Can autonomy be imposed? Examining teacher (re)positioning during the ongoing curriculum change in Cyprus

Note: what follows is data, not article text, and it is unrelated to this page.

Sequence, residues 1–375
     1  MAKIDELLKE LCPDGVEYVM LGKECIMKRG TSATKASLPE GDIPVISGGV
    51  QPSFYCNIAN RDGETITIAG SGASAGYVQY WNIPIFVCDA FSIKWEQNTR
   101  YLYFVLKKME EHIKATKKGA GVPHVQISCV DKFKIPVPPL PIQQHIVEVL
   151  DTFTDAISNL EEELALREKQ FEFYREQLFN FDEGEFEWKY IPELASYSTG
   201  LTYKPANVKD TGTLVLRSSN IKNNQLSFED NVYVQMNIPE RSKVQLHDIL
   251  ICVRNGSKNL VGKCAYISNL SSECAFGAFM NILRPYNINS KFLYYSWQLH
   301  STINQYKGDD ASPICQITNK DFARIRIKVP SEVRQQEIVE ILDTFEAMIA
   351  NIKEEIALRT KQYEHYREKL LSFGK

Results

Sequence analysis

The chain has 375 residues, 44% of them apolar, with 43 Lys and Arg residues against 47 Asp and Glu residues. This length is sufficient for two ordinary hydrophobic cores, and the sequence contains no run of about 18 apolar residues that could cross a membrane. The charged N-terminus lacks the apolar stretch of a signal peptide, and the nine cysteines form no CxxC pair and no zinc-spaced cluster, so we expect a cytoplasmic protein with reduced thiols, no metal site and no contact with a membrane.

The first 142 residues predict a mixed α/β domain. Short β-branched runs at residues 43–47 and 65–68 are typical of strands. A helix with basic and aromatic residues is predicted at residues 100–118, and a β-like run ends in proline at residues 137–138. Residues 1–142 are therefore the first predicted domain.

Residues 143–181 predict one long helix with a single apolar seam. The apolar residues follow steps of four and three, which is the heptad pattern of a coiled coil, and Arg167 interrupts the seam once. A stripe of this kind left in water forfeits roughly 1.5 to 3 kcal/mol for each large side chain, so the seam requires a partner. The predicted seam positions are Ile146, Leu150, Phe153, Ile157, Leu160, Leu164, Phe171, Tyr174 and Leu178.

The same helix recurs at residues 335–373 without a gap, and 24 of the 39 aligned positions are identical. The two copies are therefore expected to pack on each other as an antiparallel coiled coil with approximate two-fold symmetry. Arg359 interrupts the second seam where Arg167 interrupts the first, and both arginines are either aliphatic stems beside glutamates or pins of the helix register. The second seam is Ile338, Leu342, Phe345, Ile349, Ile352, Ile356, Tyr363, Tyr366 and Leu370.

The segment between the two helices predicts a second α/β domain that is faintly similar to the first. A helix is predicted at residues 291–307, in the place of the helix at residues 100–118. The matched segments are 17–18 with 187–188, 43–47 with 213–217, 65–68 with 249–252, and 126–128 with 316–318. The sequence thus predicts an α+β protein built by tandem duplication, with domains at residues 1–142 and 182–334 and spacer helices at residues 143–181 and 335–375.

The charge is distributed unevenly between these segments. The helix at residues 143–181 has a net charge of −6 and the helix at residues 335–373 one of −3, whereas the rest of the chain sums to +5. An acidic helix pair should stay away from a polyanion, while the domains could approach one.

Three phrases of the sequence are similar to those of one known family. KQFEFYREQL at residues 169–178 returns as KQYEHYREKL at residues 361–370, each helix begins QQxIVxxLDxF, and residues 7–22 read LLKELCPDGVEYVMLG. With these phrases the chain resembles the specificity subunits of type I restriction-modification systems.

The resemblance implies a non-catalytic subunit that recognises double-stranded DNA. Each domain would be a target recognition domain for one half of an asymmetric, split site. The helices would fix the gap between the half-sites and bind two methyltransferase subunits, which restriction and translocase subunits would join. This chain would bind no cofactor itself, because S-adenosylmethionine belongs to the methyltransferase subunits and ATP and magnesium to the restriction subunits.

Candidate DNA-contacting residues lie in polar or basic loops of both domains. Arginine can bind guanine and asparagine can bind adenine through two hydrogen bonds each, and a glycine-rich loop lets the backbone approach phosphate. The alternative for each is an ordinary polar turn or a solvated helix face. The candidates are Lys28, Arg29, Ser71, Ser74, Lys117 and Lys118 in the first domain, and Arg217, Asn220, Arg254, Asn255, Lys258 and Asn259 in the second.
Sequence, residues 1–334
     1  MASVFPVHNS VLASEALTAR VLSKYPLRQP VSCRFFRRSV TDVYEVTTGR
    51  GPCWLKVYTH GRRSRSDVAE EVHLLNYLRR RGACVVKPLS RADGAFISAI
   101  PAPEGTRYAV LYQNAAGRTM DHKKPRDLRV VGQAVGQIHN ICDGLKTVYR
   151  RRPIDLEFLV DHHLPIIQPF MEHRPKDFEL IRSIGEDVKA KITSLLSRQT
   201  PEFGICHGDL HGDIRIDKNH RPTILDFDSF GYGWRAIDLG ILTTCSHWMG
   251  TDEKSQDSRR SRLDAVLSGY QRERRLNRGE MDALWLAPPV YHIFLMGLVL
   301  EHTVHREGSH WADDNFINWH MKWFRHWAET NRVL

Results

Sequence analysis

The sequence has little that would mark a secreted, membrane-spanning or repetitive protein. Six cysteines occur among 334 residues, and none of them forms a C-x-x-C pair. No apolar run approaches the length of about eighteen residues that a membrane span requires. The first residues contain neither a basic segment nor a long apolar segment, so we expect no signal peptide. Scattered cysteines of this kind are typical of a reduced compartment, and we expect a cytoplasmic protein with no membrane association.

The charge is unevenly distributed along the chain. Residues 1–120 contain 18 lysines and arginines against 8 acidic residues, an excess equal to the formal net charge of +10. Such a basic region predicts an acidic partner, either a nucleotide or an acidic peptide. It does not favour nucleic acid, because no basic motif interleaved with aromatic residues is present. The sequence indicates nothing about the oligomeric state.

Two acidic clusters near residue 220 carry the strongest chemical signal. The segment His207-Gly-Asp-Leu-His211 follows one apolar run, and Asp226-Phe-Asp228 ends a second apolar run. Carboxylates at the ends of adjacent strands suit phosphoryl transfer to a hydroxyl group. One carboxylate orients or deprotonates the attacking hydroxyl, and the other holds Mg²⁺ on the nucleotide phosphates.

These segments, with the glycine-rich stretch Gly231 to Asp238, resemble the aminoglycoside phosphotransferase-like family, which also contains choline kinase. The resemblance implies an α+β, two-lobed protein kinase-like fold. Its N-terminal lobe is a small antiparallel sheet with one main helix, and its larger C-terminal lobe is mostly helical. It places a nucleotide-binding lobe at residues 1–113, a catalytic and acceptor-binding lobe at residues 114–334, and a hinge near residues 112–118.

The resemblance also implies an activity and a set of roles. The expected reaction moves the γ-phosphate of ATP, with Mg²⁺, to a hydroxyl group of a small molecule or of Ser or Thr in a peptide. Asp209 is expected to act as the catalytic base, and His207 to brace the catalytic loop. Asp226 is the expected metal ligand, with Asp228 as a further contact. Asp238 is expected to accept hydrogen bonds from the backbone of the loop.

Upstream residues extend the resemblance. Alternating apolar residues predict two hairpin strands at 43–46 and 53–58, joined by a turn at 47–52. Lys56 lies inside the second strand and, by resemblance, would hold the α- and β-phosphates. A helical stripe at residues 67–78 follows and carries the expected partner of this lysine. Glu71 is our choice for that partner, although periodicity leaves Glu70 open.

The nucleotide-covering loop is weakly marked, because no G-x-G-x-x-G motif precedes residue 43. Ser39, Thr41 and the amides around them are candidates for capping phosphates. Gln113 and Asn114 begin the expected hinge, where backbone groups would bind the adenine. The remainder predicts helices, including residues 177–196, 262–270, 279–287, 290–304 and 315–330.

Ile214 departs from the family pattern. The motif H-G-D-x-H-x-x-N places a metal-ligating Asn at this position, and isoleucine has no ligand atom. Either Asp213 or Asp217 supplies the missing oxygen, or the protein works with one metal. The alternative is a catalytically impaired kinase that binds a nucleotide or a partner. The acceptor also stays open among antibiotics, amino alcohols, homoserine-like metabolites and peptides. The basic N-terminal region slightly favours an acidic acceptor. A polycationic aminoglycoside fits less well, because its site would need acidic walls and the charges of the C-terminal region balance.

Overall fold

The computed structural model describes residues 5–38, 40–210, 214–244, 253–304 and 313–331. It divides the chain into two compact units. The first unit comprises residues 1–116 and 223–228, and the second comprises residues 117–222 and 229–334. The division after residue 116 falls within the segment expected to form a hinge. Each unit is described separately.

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For the past few years, the Republic of Cyprus has been pursuing a major educational reform across all levels of mandatory education, focusing especially on curriculum change, for the implementation of which in-service teachers have undergone a series of professional development seminars. Individual and focus group interviews with in-service elementary teachers, regarding their sense of professionalism within this curriculum change process, revealed that teachers positioned themselves largely onto different points on a continuum. These are conceptualized as positions veering between teachers' sense of minimum and maximum autonomy over their participation in the development and introduction of the new official curriculum. Framed by a traditionally centralized context, these positions were discursively negotiated in contradictory ways which allowed multiple positionings by each teacher. The paper concludes with the implications of these findings for understanding teacher professionalism and positioning, as well as for considering how this might relate to curriculum change and implementation processes.